The movie is presented well. I don’t know if it’s a conscious choice or an aberration, but Koratala Siva hasn’t shot a scene or a song abroad in his last two movies. In the present age, that’s a miracle.


Verdict : Watching this movie is pretty much feeling like Australia cricketers in the iconic Johannesburg match. They did everything right, but failed to finish well. Same is the case with Janata Garage too

Image courtesy : idlebrain.com

A Aa movie review

a aa

It’s easy to describe when sportsmen perfect a skill. They put in hours of practice and perfect that skill. Like Djokovic shifting to another invisible gear when he finds himself under pressure; like Kohli unleashing cover drive after cover drive regardless of where the ball pitches. How do you then explain Trivikram coming up with movie after movie that adds to the viewing pleasure? It’s not a skill that can be honed with constant practice. It’s not something that others can hope to do.  A lot of it has to do with the dialogues that he writes in his movies.

To compare the predicament of oneself with Biryani and fried rice might seem an inane thing to do. Yet, people do it sometimes. Trivikram too does it and he imparts sense with the most inane of the comparisons at that point. Therein lies the difference between him and others.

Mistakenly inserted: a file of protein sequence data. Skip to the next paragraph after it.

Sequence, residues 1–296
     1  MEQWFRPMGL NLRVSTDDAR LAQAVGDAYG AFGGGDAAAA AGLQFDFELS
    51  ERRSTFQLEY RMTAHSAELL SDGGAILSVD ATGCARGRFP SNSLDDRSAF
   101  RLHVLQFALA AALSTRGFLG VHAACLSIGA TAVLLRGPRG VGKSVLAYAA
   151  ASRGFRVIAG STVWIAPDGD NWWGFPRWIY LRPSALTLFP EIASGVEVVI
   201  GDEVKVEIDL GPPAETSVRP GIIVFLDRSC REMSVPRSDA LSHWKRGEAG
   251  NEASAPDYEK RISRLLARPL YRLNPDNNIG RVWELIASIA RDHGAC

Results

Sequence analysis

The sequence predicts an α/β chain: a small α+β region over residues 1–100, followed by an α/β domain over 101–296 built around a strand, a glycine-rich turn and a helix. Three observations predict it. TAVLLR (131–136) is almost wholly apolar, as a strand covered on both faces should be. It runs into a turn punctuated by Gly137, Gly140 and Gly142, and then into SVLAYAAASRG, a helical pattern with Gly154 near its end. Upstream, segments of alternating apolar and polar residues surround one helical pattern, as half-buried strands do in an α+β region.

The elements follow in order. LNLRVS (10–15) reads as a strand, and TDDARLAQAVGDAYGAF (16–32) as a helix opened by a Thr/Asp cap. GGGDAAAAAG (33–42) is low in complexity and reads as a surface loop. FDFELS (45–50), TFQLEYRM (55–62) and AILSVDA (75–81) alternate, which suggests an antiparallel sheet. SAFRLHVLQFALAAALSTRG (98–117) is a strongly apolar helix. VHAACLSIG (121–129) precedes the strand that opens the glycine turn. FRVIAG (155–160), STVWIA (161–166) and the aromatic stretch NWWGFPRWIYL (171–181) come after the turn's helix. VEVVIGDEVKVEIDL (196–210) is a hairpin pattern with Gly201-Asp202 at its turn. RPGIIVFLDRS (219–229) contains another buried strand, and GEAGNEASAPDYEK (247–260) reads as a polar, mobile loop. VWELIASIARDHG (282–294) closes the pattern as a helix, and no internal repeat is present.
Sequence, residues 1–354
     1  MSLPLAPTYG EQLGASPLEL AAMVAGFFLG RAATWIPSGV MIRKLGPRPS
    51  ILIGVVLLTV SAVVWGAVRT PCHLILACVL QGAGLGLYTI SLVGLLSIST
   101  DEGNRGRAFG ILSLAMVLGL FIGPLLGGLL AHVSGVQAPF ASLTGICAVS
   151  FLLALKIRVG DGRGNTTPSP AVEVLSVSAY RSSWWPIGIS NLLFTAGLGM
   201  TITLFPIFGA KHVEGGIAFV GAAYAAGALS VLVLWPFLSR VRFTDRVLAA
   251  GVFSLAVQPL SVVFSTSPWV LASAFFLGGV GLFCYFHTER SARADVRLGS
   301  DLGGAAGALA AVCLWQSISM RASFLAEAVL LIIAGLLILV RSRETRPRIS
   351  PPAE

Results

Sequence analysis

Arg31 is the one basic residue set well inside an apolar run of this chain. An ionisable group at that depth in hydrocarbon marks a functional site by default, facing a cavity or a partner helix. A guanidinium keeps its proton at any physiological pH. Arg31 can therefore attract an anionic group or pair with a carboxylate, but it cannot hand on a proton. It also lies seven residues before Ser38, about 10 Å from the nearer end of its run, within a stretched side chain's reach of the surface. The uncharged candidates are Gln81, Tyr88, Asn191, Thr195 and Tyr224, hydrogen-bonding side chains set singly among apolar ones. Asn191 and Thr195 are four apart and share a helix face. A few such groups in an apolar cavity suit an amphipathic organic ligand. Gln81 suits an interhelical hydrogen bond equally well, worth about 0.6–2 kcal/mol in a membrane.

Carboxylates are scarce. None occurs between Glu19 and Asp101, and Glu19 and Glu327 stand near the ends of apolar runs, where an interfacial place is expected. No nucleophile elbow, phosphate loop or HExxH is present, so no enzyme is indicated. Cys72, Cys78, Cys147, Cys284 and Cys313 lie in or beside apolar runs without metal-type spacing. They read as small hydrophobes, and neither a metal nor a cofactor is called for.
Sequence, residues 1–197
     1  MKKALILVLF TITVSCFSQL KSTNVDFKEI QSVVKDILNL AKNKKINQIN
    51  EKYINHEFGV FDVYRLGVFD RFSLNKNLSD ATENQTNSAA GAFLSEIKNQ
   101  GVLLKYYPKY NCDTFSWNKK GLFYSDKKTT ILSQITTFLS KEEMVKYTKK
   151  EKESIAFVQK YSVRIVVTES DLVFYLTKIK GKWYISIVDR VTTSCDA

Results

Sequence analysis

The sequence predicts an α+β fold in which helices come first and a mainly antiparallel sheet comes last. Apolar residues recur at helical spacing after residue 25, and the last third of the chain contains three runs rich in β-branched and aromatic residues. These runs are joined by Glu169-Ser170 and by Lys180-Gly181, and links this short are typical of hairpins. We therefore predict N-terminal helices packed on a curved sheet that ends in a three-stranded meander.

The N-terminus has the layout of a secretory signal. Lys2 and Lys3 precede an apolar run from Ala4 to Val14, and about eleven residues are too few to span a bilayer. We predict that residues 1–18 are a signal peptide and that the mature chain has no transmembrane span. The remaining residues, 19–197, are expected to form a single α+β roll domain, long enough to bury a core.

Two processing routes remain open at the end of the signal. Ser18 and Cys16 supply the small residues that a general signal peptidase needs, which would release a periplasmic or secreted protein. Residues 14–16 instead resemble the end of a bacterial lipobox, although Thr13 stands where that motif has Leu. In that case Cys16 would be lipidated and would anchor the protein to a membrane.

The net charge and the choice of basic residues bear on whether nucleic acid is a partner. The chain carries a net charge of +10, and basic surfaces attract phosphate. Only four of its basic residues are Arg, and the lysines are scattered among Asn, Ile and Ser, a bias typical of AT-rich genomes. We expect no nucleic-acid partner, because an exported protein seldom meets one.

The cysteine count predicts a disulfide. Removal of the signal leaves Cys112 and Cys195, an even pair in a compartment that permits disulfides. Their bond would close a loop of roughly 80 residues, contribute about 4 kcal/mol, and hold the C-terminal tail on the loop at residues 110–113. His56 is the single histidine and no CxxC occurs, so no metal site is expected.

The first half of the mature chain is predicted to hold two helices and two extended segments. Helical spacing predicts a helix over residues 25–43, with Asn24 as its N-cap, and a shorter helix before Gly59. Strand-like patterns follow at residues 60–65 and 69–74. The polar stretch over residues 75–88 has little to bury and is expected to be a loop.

There seems to be something with his movies that we don’t get in other movies. From Nuvve Nuvve on, he has donned the hats of writer and director for all his movies. In the 8 movies that he has directed so far, he has laid a seed for thought with every movie.

If you have followed him well, it’s the post mortem of his movies that draws us to him after the movie has released. If he can explain his point of view so succinctly to the audience, imagine how he explains it to the actors in the movie. No wonder that most of the actors come up with winning performances in his movies.

All through his directorial career, he has made the star or the hero in his movies don a different avatar to that of what we have been used to seeing him in. Khaleja, Jalsa, Julayi stand as shining jewels in the respective careers of the heroes regardless of their box office fates.